We'll train a simple linear regression model, predicting the `price` of a diamond based on `carat` (that's its weight). We use `data = diamonds`, because we're using the entire dataset to fit the model:

``train_mod <- lm(price ~ carat, data = diamonds)``

Then, we use the model to predict the values of `price` (yep, we're predicting on the same observations that we trained the model with):

``y_hat_train <- predict(train_mod, data = diamonds)``

`y_hat_train` is a numeric vector containing the predicted values of `price` for each observation in the diamonds dataset. Now that we have these predicted values, we can calculate the training MSE. It's the training (rather than the test) MSE because we haven't split our dataset into training and test sets; instead, we fit our model on the entire dataset, and now we're evaluating it on the same dataset.

So, we calculate the training MSE by getting the residuals, squaring them, and taking the mean:

``train_MSE <- mean((diamonds\$price - y_hat_train)^2)``

This is basically what the model will be doing, where the blue line is the predicted value:

``````ggplot(diamonds, aes(x = carat, y = price)) +
geom_point() +
geom_smooth(method = "lm") +
scale_y_continuous(limits = c(0, 20000))``````

There's some significant nonlinearity in the relationship between `price` and `carat` that isn't captured by our simple model (which only includes linear terms). Our model therefore isn't providing a great fit to the data, and the training MSE is probably going to be quite high.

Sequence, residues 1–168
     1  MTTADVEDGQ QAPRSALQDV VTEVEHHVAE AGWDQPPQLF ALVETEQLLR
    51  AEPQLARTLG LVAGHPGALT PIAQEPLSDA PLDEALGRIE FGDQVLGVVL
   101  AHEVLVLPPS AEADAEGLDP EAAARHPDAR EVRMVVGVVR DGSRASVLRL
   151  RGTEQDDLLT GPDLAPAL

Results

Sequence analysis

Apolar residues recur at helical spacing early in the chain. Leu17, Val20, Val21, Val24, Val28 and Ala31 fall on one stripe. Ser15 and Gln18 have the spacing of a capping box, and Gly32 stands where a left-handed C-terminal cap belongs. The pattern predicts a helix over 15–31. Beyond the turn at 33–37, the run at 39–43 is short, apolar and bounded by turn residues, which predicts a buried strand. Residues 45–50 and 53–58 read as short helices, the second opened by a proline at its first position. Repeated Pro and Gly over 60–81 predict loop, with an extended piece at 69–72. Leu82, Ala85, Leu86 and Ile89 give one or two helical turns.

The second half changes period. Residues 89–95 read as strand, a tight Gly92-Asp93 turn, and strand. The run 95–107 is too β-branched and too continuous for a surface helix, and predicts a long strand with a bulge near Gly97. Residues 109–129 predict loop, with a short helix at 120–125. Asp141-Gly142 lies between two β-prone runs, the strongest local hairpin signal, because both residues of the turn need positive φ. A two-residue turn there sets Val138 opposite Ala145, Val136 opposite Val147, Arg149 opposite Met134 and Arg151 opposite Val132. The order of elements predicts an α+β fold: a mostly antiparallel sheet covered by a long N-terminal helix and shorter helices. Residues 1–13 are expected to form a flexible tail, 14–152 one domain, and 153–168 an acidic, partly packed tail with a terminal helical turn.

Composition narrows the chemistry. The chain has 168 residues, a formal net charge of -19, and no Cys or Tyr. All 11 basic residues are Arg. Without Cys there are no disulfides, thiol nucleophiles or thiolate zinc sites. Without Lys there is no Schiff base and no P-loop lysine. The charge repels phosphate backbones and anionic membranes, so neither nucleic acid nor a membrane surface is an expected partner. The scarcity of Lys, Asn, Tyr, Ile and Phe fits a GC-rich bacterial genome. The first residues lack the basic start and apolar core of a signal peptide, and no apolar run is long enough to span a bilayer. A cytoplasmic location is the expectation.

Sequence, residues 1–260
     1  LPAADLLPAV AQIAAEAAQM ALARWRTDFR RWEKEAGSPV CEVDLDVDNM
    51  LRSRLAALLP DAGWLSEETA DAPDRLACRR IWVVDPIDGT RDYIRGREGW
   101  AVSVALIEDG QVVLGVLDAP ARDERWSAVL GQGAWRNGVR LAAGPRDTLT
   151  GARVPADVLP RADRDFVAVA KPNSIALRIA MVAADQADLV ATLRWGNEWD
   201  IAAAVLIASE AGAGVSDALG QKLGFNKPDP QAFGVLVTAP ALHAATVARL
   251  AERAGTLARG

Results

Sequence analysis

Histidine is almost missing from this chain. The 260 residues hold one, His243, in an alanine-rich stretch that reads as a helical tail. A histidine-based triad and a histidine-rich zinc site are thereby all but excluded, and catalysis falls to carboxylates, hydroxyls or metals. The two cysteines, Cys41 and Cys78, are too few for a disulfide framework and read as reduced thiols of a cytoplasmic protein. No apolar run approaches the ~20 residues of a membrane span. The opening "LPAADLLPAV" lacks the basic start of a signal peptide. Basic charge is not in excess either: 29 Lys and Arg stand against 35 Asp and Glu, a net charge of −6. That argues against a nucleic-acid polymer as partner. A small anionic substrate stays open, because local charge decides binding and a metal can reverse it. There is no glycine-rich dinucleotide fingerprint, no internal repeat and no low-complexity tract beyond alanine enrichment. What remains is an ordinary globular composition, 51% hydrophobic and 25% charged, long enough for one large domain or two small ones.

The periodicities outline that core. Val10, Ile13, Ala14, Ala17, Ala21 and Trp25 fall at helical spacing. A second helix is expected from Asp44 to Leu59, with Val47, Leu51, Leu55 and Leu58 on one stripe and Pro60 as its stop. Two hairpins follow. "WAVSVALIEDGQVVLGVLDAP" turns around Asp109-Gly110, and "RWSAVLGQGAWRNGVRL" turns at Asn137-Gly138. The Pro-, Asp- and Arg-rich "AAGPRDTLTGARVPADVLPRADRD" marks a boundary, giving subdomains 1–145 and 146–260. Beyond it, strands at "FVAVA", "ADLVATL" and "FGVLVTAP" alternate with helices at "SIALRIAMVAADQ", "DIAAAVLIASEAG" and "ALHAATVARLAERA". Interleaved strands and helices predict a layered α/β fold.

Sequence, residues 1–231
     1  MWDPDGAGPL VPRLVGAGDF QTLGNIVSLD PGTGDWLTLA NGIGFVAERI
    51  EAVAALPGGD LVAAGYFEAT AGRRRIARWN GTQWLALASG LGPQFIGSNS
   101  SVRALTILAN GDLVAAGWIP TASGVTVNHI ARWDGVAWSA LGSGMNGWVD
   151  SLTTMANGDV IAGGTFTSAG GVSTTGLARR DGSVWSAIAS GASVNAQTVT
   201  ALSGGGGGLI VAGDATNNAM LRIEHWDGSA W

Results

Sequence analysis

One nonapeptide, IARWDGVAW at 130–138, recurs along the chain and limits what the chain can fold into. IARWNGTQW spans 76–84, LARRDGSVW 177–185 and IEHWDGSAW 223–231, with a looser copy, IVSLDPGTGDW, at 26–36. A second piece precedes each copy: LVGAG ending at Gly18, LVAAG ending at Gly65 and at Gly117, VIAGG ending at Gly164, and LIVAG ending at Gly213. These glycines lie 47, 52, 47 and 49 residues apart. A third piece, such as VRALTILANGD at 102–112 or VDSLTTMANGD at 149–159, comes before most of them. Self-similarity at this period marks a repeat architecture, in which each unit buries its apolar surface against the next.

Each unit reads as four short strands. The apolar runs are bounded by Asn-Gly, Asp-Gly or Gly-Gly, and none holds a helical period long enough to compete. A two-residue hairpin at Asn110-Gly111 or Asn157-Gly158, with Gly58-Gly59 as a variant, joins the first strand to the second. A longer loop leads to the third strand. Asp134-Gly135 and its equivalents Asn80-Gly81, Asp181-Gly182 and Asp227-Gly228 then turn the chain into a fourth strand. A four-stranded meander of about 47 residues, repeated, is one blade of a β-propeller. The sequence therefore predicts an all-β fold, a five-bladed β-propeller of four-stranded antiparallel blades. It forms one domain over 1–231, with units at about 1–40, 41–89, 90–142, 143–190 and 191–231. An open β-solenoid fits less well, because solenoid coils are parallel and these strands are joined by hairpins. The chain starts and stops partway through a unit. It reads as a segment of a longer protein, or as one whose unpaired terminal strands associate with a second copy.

So how about we fit a series of polynomial models that may be able to capture that nonlinear relationship better? (A log transformation would probably be more appropriate, but bear with me...) We'll construct ten models, with one- to ten-degree polynomials of `carat`. That is, our first model will be a first-degree polynomial (er, it'll just be our linear model); the second one will have a second-degree polynomial, so there will be terms for `carat` as well as `carat2`; and so on, until we fit a model with a tenth-degree polynomial.

``````training_mses <- list()
for (i in 1:10) {
train_mod <- lm(price ~ poly(carat, degree = i), data = diamonds)
train_y_hat <- predict(train_mod, data = diamonds)
training_mses[[i]] <- mean((diamonds\$price - train_y_hat)^2)
}``````

As we can see, adding higher-order polynomials tends to decrease the training MSE:

``````tibble(